The following is a press release from the Senate President’s office.
ASHLAND – I want to thank everyone who wished me well this past month during my recovery. Your support is greatly appreciated and continues to be a source of strength.
I have advocated for people to share their personal stories my whole career, and so, I decided today to share my experience as well. In mid-November, I was diagnosed by my doctors as having had a mild stroke. My symptoms, a severe headache and nausea, were not the typical signs of stroke. As they worsened, I canceled a planned trip to Washington, D.C. on November 15.
The next day, I sought medical care. I returned to working in a remote capacity the following day and have been working with colleagues and staff throughout my recovery. I am feeling stronger every day, and my doctors expect a full recovery within a matter of weeks. I am grateful to the medical professionals I have worked with for their assistance, especially as many have worked tirelessly throughout this pandemic to care for those with COVID-19.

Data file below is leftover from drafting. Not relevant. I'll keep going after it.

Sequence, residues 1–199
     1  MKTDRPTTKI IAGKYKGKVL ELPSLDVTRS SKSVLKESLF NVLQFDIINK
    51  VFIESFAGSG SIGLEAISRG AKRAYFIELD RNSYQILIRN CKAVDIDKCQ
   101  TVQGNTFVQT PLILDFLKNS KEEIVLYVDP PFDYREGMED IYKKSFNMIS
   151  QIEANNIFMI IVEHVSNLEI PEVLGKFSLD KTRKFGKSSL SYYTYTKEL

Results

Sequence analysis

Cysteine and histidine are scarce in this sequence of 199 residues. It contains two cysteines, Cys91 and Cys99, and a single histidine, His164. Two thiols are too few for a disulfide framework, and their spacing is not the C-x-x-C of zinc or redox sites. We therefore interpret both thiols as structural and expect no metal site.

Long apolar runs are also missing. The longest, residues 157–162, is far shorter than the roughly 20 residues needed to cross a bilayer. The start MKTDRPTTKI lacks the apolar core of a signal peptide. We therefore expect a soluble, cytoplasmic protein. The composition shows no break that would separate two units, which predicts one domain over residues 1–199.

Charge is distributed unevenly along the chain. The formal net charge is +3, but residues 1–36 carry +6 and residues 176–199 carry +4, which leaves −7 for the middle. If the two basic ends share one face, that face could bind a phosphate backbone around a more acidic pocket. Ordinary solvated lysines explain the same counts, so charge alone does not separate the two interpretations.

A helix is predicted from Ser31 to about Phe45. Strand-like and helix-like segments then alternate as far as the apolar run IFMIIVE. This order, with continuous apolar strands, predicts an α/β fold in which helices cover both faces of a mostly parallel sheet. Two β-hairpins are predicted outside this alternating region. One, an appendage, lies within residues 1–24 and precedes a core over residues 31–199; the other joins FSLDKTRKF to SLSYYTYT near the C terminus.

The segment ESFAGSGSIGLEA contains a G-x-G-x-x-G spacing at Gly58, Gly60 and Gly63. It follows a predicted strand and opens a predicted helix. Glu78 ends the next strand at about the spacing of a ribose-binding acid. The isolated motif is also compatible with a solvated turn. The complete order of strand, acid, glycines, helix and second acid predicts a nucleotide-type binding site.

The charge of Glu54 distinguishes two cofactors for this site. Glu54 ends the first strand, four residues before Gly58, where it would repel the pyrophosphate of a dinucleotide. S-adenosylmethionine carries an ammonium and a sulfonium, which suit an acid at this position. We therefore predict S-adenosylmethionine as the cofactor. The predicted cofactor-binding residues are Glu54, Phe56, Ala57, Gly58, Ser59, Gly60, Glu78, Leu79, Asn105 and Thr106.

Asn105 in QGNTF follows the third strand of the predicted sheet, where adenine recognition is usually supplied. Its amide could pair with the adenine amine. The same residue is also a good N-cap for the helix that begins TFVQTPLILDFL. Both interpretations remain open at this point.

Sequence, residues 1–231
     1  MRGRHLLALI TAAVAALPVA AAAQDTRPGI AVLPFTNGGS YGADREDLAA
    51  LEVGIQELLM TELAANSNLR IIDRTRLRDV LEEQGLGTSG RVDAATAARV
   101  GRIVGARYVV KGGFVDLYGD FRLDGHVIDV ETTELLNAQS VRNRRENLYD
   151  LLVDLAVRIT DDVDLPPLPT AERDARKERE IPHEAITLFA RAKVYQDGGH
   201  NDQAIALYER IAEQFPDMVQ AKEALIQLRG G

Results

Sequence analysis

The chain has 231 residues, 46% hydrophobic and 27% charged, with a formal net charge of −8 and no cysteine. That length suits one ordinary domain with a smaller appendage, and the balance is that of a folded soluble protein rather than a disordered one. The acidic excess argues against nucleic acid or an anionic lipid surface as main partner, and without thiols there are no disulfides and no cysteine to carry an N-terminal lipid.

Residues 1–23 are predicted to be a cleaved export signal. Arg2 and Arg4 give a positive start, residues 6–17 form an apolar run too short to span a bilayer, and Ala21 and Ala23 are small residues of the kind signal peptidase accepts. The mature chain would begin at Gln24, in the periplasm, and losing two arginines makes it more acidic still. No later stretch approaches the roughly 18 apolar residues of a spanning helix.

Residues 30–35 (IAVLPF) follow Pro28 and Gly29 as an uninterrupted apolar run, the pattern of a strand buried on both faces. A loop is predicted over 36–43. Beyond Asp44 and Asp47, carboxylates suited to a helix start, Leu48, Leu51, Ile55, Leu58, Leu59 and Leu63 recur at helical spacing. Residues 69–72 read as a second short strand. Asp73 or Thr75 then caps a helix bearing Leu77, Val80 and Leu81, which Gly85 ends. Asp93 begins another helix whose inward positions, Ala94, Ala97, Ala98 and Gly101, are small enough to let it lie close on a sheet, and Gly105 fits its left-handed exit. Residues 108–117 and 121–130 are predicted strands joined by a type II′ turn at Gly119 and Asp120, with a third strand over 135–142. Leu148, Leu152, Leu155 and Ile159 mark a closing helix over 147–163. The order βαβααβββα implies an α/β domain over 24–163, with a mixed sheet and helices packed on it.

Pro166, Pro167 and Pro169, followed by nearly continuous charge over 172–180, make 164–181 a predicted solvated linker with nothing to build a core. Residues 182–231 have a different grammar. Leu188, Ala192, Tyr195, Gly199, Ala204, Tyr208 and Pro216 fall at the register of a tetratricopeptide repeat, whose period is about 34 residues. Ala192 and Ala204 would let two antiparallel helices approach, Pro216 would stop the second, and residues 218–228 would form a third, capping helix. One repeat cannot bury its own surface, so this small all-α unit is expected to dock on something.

I wanted to share my story today in a televised interview, accompanied by this statement, because I wanted people to see firsthand that I’m doing well. I also feel it would be a missed opportunity not to speak up. I hope that by telling my story, I can help raise awareness about those who have survived and thrived after experiencing stroke, and encourage those who are experiencing symptoms to seek help immediately.
I am proud of what we have accomplished in the Senate and energized by the work ahead to support the residents of our Commonwealth. We have important work to do on mental health care, childcare, our climate and much more. As we move into a new year, I look forward to running for re-election in 2022 and having the opportunity once again to lead the Senate as Senate President.
I would like to thank my family for always being there for me as well as my Senate colleagues, my staff, and my partners in government for their continued support.